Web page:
The Baker In The Supreme Court Discrimination Case Just Said The Most Ridiculous Thing

In my opinion, bakers should have two things: a sweet tooth and a big heart. Unfortunately for him, Jack Phillips, the Colorado baker behind the controversial Supreme Court cake discrimination case, has neither.
As a refresher, Phillips refused to create a wedding cake for David Mullins and Charlie Craig in 2012, citing his religious beliefs and First Amendment rights as the primary reasons. In 2014, Colorado state courts declared that he had, in fact, broken the state's public accommodations law, which prohibits businesses to deny service to customers based on race, sexual orientation, sex, and marital status.
Phillips recently went on The View and spewed what has to be one of the most ridiculous defenses for not selling a wedding cake to a gay couple ever stuttered. The Denver-based confection man sat before a live audience, fully aware that millions of people throughout the country would be able to hear what he had to say, and with a straight face, said that Jesus wouldn't have baked the cake either. The video, posted below, has to be seen to be believed.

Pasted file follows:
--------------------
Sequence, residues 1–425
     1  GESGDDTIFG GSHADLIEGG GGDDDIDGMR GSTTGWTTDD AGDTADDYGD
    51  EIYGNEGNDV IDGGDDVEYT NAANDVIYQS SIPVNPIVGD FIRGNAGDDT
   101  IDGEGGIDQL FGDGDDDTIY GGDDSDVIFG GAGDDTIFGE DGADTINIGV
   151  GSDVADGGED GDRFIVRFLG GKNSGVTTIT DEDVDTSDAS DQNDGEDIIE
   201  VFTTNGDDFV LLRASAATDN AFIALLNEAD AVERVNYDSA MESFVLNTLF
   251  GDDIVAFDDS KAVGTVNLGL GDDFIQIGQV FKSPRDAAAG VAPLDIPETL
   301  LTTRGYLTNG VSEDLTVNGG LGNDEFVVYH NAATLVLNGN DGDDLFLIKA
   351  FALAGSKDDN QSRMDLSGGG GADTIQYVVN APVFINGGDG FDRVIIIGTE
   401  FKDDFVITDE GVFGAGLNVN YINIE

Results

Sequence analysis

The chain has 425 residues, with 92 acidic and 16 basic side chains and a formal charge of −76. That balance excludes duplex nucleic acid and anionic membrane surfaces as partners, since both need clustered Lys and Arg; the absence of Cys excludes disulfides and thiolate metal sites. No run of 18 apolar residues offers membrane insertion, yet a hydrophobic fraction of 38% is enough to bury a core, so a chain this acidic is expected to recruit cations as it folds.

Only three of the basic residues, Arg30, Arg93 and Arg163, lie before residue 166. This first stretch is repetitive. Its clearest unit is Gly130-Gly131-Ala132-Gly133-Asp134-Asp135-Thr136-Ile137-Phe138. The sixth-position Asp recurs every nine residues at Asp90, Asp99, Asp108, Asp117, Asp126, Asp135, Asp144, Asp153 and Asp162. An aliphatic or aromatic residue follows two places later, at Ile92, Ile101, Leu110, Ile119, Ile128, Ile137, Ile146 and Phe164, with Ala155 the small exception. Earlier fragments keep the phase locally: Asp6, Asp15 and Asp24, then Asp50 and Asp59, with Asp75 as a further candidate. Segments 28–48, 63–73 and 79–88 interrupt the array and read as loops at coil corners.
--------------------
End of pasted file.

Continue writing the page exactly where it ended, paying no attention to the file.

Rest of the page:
"I don't believe [Jesus] would have because that would have contradicted the rest of the biblical teaching," Phillips said in a whisper when asked if he ever pondered what Jesus would do in his situation. Then, when the hosts asked him to speak up, he reiterated his point by saying, "I don't believe that Jesus would have made a cake if he had been a baker."
Understandably, the hosts were shocked by the baker's statement and pointed out that Jesus once hung out with prostitutes. It is recorded that he also spent time with lepers and other people deemed "unworthy" of the general public's love and affection.
When asked if he inquired how pure straight couples were before selling them a cake — if they'd had premarital sex, birthed a child out of wedlock, etc. — Phillips simply responded, "I don't judge people when they come in."
Both Phillips and his attorney claim that because he labors over these cakes, he is an artist, and should therefore be free to decide for whom his art is sold to and for what purpose.
"I'm not judging these two gay men that came in," Phillips said. "I'm just trying to preserve my right as an artist to decide which artistic endeavors I'm going to do and which ones I'm not."
He further elaborated by saying he also won't sell cakes for "adult theme parties," such as Halloween fêtes, or to anyone who wants an "anti-American" dessert.
Sure sounds like someone who loves to judge others to us.

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